Blood and Glory. Directed by Kevin Burns. Written by Kevin Burns, Eric Murphy, Rhys Thomas, and Max Thompson.
Release Date: April 7 & 14, 2015.
I had mixed feelings about this documentary before I’d seen a minute of it. My expectations for a History [Channel] show are pretty low these days, but several names I respect were involved (among them, George Rable, Peter Carmichael, Allen Guelzo, James Oakes, Mark M. Smith). Those names, however, were counter-balanced by others who’s presence was less justifiable (Ben Stein, Richard Dreyfuss, Bill O’Reilly). And then there are those colorized photos that serve as its foundation. I wasn’t a fan from the moment they first appeared. Like their colorized classic film counterparts, the colors are too pastel and there’s something unnatural about them. Then again, any documentary that makes heavy use of Civil War photography can’t be all bad. Now that I’ve seen it, I remain divided. There were things about Blood and Glory I liked and things that really bothered me. I didn’t learn anything new, but it avoided getting too bogged down in the “Football Analyst School” or the more regrettable habits of the History [Channel], and thus emerged as a fairly solid (if somewhat ephemeral) Civil War documentary.
Perhaps part of the reason my thoughts on Blood and Glory are scattered is because the documentary lacks a central thread other than “Look! Colorized Civil War photos!” Parts of it are very well done, others presented in an interesting enough way that they at least seem fresh, but long stretches left me disappointed if not exasperated. By the end of the first half, I found myself much more in the latter camp. It starts promisingly, with an overview of the sectional crisis that centers on slavery and highlights events not usually covered in these popular documentaries, like the Fugitive Slave Act. But it soon devolves into a typical History [Channel] program, with a bizarrely unwavering focus on technology. The entire second quarter plays like a list of technological advances without much historical context other than to suggest the North won, at least in part, because its war machine was more modern. Things get completely out of hand when the documentary presents emancipation as simply another advance to add to the North’s “arsenal” by weakening the South and providing a new source of Union soldiers.
I greeted the second half with lower expectations and found that, despite a couple of missteps, it remained fairly solid. After all the tech stuff, I felt like Blood and Glory was too sanitized, but the second half spends a surprisingly big chunk of its run-time examining the physical and mental costs of war to its soldiers. There are hints of Drew Gilpin Faust’s This Republic of Suffering as well as the growing scholarship on veterans. I was especially pleased to see so much of the documentary’s final quarter devoted to the war’s aftermath and Reconstruction–even including the often-taboo assertion that the period represented a continuation of the war by other means. The influence of the National Parks Service’s “From Civil War to Civil Rights” campaign is clearly evident near the end, when the narrative explicitly describes the Civil Rights Movement as the “Second Reconstruction” and the fulfillment of the promise made by northern victory.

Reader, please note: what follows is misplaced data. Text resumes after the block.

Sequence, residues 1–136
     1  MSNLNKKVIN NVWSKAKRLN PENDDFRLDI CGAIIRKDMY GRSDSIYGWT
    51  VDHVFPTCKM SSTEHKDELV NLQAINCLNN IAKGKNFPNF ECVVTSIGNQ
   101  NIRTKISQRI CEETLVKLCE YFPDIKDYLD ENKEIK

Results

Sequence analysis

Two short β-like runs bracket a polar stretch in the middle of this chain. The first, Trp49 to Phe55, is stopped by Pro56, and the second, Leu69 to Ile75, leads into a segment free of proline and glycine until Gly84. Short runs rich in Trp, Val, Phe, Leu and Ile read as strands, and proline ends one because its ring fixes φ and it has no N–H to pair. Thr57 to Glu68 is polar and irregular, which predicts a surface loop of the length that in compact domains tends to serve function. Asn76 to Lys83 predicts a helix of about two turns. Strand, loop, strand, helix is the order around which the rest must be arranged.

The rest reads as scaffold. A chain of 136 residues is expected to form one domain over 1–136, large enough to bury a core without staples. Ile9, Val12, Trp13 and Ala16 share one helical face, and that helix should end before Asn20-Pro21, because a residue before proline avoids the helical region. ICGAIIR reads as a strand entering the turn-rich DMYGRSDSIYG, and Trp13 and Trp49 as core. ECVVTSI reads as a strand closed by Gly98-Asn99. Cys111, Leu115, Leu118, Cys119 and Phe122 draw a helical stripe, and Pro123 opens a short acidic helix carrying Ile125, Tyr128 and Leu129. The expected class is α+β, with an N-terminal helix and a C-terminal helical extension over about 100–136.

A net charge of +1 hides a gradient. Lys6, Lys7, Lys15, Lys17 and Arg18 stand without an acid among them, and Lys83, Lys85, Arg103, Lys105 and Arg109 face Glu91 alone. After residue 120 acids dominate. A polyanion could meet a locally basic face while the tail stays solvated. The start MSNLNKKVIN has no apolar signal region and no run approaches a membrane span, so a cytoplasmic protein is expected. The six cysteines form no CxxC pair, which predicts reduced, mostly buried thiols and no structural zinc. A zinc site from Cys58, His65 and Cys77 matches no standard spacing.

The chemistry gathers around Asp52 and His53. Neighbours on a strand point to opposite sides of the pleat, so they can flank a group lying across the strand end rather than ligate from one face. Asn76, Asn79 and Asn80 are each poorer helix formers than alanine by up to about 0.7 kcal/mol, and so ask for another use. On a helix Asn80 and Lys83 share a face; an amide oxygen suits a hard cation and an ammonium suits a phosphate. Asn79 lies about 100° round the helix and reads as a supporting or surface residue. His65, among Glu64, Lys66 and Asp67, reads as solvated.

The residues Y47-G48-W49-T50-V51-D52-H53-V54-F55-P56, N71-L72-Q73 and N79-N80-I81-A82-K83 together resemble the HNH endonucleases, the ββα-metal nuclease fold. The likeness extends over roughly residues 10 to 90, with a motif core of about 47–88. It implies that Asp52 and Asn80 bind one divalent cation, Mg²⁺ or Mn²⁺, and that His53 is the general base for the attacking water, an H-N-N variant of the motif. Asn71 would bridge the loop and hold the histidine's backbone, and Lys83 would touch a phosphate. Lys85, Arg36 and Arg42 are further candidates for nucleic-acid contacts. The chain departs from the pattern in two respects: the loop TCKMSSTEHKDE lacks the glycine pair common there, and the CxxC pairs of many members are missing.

So, Blood and Glory is a bit of a mixed bag, but I suppose that makes it a good representation of the sesquicentennial’s successes and failure. New interpretations were included, if not followed through to their logical interpretative endpoints. Its narrative flow is very disjointed but I wonder if this is because the photographs largely dictated what topics could be covered and how much time could be spent on each. Even still, it struck me as a loose collection of stories without a central thread or thesis. Thankfully, it largely pulls everything together in the end and defines the war as a struggle for Union and equality while avoiding the blatant reconciliationism and “football analyst school” trappings of the centennial. Indeed, if you’d asked me how the History [Channel] would end its major contribution to the sesquicentennial, I never would have guessed it would be with a short biography of Robert Smalls.
- As I mentioned earlier, the collection of talking heads is very eclectic. The academics all did well, although some were underused. Of the celebrities, Stein fares the worst, especially at the end when he shows his dated grasp of Civil War scholarship by downplaying the role of slavery in Confederate soldier motivation. Several military figures also participated, most notable David Patraeus and Colin Powell. Both did fine but Powell came off especially well, making several keen observations about the war and African American history.
- Full disclosure: George Rable was my dissertation adviser, so it was a real treat to see him on TV. Wish they’d used him more because his commentary was consistently solid.
- Again, I really can’t get behind those colorized pictures. Maybe I just have blinders on, but the vast majority of them just don’t look realistic to me.
- Man, the soundtrack for this thing is terrible. The music behind the description of the Gettysburg Address is especially bad and sounds like the kind of thing that played behind educational films in the 1980s. Indeed, the whole production has a vague cheesiness that kept me from fully engaging.
- Does it mention slavery? Yes, and in refreshing ways. The issue drops out for long stretches, but the first episode makes no attempt to argue anything but slavery caused the war and the final episode highlights black freedom and equality as the war’s primary legacy and unfinished work.
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